Merchant & Gould attorneys Rachel Zimmerman Scobie and Elisabeth Muirhead co-authored a Minnesota Lawyer article titled "35 U.S.C. § 101: Reports of its death are exaggerated."
The article examines two recent decisions by the U.S. Court of Appeals for the Federal Circuit which have caused some in the patent litigation community to wonder whether early disposition of patent infringement actions under 35 U.S.C. § 101 is becoming a thing of the past. Analysis of these decisions, and of the Federal Circuit’s treatment of other § 101 cases over the last four years, suggests not.
Minnesota Lawyer published this article on March 5, 2018 in both the print and digital editions.
35 U.S.C. § 101: Reports of its death are exaggerated
By Rachel Zimmerman Scobie and Elisabeth K. Muirhead
Special to Minnesota Lawyer
Two recent decisions by the United States Court of Appeals for the Federal Circuit — Berkheimer v. HP Inc., No. 17-1437, 2018 U.S. App. LEXIS 3040 (Fed. Cir. Feb. 8, 2018), and Aatrix Software, Inc. v. Green Shades Software, Inc., No. 17-1452, 2018 U.S. App. LEXIS 3463 (Fed. Cir. Feb. 14, 2018) — have caused some in the patent litigation community to wonder whether early disposition of patent infringement actions under 35 U.S.C. § 101 is becoming a thing of the past. Analysis of these decisions, and of the Federal Circuit’s treatment of other § 101 cases over the last four years, suggests not.
Title 35, section 101 of the United States Code defines patent eligible subject matter. As interpreted by the Supreme Court, laws of nature, natural phenomena, or abstract ideas are not patent eligible. In Alice Corp. v. CLS Bank, Int’l, 134 S. Ct. 2347 (2014), the Supreme Court explained that all decisions of patent eligibility should be made using a two-step inquiry, asking (1) whether the patent claim at issue covers an abstract idea and, if so, (2) whether the patent adds something extra that embodies an inventive concept. An affirmative answer to the second question requires that the claimed invention involve more than the performance of “well-understood, routine, conventional activit[ies]’ previously known to the industry.” Alice, 134 S. Ct. at 2359.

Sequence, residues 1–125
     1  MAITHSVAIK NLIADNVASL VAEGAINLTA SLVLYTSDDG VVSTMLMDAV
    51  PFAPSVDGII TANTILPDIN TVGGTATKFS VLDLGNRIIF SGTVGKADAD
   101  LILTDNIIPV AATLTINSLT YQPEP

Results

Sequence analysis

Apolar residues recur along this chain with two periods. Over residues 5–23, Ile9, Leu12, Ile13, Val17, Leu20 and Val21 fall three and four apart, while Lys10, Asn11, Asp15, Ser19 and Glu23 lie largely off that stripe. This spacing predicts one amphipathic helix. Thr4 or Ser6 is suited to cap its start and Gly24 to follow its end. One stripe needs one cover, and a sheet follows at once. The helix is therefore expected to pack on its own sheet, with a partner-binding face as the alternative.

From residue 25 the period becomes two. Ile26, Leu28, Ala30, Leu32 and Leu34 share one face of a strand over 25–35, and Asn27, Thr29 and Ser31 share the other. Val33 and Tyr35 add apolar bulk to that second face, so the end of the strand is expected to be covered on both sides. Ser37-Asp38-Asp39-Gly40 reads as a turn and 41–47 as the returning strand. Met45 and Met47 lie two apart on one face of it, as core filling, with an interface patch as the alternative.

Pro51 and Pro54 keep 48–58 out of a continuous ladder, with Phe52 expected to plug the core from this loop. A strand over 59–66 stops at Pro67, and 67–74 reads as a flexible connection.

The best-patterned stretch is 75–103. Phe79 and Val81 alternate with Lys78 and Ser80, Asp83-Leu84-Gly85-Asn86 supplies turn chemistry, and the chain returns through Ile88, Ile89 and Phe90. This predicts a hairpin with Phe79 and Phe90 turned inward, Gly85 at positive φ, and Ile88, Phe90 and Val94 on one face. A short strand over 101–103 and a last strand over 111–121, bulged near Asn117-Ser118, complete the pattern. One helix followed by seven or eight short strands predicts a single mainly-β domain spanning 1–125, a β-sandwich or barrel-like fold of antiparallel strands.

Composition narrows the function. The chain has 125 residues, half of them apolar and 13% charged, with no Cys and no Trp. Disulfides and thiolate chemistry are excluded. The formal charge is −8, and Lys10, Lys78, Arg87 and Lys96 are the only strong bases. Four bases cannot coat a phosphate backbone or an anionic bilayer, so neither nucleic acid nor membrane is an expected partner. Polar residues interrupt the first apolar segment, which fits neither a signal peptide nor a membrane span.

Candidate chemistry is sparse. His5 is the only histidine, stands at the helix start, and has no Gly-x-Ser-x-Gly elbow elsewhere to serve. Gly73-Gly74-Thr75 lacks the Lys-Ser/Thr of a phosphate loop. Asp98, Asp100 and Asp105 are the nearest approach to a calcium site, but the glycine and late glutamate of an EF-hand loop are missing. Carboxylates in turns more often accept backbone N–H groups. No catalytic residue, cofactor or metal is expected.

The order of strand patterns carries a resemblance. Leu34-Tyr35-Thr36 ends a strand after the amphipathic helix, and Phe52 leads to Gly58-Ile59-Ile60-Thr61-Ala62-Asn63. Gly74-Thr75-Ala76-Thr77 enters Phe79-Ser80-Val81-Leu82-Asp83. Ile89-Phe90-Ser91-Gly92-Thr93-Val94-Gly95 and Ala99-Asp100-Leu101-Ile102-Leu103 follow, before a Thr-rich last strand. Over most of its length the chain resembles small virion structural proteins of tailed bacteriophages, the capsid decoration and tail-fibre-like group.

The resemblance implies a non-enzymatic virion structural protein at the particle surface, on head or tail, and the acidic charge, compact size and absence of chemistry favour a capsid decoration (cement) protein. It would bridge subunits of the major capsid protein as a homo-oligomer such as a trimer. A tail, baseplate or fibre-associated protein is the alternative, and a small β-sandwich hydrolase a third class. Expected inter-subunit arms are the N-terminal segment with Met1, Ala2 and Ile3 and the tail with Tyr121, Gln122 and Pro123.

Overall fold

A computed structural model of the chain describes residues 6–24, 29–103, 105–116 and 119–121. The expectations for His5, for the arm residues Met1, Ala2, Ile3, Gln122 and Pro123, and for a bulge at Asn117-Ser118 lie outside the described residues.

Patent eligibility under § 101 is a question of law. In the years since Alice, federal courts have regularly employed its two-step inquiry to invalidate patent claims at all stages of litigation, including on early motions to dismiss or for judgment on the pleadings. Many of these challenges succeeded. The Federal Circuit’s recent decisions in Berkheimer and Aatrix, reversing district court judgments of invalidity under § 101, have caused some to wonder whether early § 101 validity challenges remain a viable strategy.
Berkheimer involved a patent directed to a system for digitally processing and archiving files in a digital asset management system. After claim construction, the district court granted summary judgment, holding several claims were directed to patent ineligible subject matter. Berkheimer, 2018 U.S. App. LEXIS 3040, at *2. On appeal, the Federal Circuit employed the two-step inquiry from Alice. In step one, the Federal Circuit held the claims at issue were directed to various abstract ideas. Id. at *12. In step two, the Federal Circuit held some of the claims did not recite an inventive concept and affirmed the district court’s judgment of invalidity. Id. at *20-21. As to other claims, however, evidence of an “arguably unconventional inventive concept described in the specification” created a disputed issue of material fact precluding summary judgment of patent invalidity under § 101. Id. at *21-23.